If you're using Visio it's useful to also have a topology drawing of your network, i.e. you'r T1 connected to your router to your switch etc. Include on this all your main devices such as servers, firewalls etc but not your user PCs unless your network is small. Show everything you'll need to troubleshoot a major outage - IP addresses of each interface of each device, the port numbers these key connections go into on your devices, types of cable (crossover/straight, fibre etc). If you have several rooms or locations divide the drawing into these and position the devices in the correct place.
Along with this you need a patching record to show where less important devices such as user PCs are connected. Use Visio if you want but I find a simple spreadsheet more than adequate and very quick to amend.
Finally don't forget to make your network self-documenting as far as possible - put descriptions on your switch/router ports and stick physical labels wherever it is sensible/helpful to do so
Re: Network Documentation
11 years 9 months ago #22286
There are a TON of fun/intresting/usefull vitrual appliances here. A few network management/documentation type things. And there pre-made VM's you can see if you like it before you invest time becomming an expert.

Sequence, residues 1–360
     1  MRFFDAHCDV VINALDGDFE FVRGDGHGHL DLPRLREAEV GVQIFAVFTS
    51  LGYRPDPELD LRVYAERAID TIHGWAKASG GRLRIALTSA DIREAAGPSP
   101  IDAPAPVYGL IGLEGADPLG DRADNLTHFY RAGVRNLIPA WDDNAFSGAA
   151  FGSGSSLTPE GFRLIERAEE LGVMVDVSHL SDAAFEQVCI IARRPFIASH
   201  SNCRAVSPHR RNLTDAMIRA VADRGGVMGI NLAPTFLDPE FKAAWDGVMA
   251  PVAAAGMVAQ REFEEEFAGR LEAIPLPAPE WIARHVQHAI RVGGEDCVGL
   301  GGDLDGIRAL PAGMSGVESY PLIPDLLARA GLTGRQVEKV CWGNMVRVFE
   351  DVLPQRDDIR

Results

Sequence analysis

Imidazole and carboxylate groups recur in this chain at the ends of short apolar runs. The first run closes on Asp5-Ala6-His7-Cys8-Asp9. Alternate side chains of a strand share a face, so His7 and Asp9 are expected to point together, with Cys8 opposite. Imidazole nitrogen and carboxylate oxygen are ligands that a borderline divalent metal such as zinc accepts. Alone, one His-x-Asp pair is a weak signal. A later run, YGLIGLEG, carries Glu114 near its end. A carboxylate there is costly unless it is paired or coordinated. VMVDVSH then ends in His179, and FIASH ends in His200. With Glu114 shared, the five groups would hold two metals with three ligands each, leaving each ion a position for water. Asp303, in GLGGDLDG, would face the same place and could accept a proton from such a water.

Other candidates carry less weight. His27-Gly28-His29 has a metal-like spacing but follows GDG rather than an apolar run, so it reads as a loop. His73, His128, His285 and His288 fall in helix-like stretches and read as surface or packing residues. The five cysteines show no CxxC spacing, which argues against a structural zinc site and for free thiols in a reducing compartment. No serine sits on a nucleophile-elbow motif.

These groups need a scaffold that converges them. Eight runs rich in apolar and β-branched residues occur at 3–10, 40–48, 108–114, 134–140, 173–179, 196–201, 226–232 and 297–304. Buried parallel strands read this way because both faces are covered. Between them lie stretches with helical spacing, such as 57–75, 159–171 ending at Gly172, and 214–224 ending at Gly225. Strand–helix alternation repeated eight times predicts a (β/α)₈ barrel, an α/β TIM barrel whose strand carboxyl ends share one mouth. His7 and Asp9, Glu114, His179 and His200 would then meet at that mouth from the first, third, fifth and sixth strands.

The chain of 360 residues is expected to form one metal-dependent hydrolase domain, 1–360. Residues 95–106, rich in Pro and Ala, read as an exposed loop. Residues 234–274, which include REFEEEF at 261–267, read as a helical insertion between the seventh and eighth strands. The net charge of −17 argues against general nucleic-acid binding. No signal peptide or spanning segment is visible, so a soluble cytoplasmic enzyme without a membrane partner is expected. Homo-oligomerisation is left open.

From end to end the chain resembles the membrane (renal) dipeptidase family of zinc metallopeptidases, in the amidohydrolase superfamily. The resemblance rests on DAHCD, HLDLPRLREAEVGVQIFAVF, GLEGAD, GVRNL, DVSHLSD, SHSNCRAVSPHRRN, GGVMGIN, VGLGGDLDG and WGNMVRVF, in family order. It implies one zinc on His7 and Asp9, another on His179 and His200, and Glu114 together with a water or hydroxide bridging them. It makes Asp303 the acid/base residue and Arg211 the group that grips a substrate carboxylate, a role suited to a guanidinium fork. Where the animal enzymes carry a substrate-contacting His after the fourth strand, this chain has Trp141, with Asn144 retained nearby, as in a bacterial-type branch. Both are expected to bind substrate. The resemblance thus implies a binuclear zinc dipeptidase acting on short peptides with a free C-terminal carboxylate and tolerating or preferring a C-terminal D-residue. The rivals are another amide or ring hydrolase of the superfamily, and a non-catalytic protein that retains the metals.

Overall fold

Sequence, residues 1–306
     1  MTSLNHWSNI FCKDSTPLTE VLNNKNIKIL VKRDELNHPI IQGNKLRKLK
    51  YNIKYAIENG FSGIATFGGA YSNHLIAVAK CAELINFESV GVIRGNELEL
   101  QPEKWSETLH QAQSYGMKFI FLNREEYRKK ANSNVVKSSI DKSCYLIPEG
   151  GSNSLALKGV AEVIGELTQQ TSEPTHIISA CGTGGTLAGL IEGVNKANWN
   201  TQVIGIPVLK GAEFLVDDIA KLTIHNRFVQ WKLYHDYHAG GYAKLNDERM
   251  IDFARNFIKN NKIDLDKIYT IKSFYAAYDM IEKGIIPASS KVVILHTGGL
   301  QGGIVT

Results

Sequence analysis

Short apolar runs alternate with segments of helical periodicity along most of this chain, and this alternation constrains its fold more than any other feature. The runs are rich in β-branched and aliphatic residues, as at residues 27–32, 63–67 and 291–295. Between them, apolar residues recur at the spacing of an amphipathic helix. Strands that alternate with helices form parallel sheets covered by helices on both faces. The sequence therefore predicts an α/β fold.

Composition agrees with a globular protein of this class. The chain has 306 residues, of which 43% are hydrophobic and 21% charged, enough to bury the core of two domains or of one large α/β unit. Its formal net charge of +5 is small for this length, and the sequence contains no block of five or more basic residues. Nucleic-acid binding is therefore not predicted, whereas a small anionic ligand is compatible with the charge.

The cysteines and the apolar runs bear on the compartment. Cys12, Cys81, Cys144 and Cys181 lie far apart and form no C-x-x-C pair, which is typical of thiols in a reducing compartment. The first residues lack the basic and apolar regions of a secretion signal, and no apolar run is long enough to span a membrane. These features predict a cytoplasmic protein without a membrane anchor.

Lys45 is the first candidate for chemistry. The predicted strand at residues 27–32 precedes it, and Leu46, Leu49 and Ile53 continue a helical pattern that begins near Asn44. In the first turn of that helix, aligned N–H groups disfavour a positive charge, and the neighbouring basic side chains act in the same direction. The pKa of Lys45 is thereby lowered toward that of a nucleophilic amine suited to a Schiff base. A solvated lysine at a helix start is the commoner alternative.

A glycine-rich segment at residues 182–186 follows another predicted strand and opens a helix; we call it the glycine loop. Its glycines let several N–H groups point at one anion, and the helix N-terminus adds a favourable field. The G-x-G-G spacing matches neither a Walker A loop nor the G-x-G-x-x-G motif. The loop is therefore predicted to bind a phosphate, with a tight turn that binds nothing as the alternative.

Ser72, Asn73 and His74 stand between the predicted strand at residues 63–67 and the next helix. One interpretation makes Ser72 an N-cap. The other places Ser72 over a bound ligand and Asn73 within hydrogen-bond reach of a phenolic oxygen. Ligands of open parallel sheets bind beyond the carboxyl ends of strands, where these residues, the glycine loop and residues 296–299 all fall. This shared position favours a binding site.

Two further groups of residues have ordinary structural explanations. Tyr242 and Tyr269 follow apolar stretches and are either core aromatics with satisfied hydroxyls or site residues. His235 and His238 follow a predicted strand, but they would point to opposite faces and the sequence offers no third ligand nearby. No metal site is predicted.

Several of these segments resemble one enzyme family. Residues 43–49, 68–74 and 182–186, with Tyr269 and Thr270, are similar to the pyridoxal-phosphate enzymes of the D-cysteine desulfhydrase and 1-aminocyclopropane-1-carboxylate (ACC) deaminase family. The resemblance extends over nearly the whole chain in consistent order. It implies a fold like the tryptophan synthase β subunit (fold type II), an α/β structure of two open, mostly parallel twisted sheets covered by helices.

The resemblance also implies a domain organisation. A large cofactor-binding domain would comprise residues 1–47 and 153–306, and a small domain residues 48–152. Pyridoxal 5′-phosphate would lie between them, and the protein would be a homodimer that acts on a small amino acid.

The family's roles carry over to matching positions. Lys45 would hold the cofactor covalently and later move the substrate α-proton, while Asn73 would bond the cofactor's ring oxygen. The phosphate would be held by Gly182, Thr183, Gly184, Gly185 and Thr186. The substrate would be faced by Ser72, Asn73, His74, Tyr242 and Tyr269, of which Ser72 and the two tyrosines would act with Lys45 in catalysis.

I can't suggest one specifically... i've only tinkered about.. but there are a few there to try out.
Re: Network Documentation
11 years 9 months ago #22287
both are particularly nice in there own ways... Nothing much in the IDS area as my lab isn't now.. and won't likely be in the near future connected to the internet.
Having tested both OpenNMS and Zenoss, I have to say, don't waste your time with OpenNMS. Configuration is a nightmare. It is filled with great ideas, but the implementation of those ideas is poor. It relies on Java, which can be a pain to troubleshoot and forces you to restart the whole shebang when a config change is mad, and the XML config files are extremely strict on formatting- they include an xml formatting tool to help, but when editing many files, it is easy to forget to reformat some. Wrong format=many errors.
Zenoss is the way to go. It is the only NMS that bridges the gap between the Network Monitoring and Server Monitoring. It does both very well, while the competition seems to make sacrifices on one side or the other. Most everything is configured via the web interface. It is SOAP based and contains its own copies of the required components so there is no need to delve into dependancy hell to get it installed.
I would grade them as follows-
Zenoss: B+ to A- excellent product, easy to use. Still some kinks to be worked out, as the project is somewhat new still. Equally capable of server/service monitoring and network monitoring. Remote pollers allow for extreme scalability.
OpenNMS: C- This project is old enough to be better than it is. Config is complex and troubleshooting requires more Java knowledge than most non-developers have. Most of the config is via the config files and requires you to format it perfectly and restart OpenNMS to enable the change. The project developers mean well, but I think it has become a victim of scope creep and it ended up becoming a very complex Nagios.